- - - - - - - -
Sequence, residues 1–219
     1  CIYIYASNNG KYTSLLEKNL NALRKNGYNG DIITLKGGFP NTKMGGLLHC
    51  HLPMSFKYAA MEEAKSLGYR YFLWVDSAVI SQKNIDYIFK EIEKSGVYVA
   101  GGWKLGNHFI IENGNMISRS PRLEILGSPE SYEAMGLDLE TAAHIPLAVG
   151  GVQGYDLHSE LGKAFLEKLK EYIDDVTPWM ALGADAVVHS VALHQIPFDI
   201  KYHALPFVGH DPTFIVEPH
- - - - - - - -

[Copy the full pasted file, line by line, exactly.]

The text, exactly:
Sequence, residues 1–219
     1  CIYIYASNNG KYTSLLEKNL NALRKNGYNG DIITLKGGFP NTKMGGLLHC
    51  HLPMSFKYAA MEEAKSLGYR YFLWVDSAVI SQKNIDYIFK EIEKSGVYVA
   101  GGWKLGNHFI IENGNMISRS PRLEILGSPE SYEAMGLDLE TAAHIPLAVG
   151  GVQGYDLHSE LGKAFLEKLK EYIDDVTPWM ALGADAVVHS VALHQIPFDI
   201  KYHALPFVGH DPTFIVEPH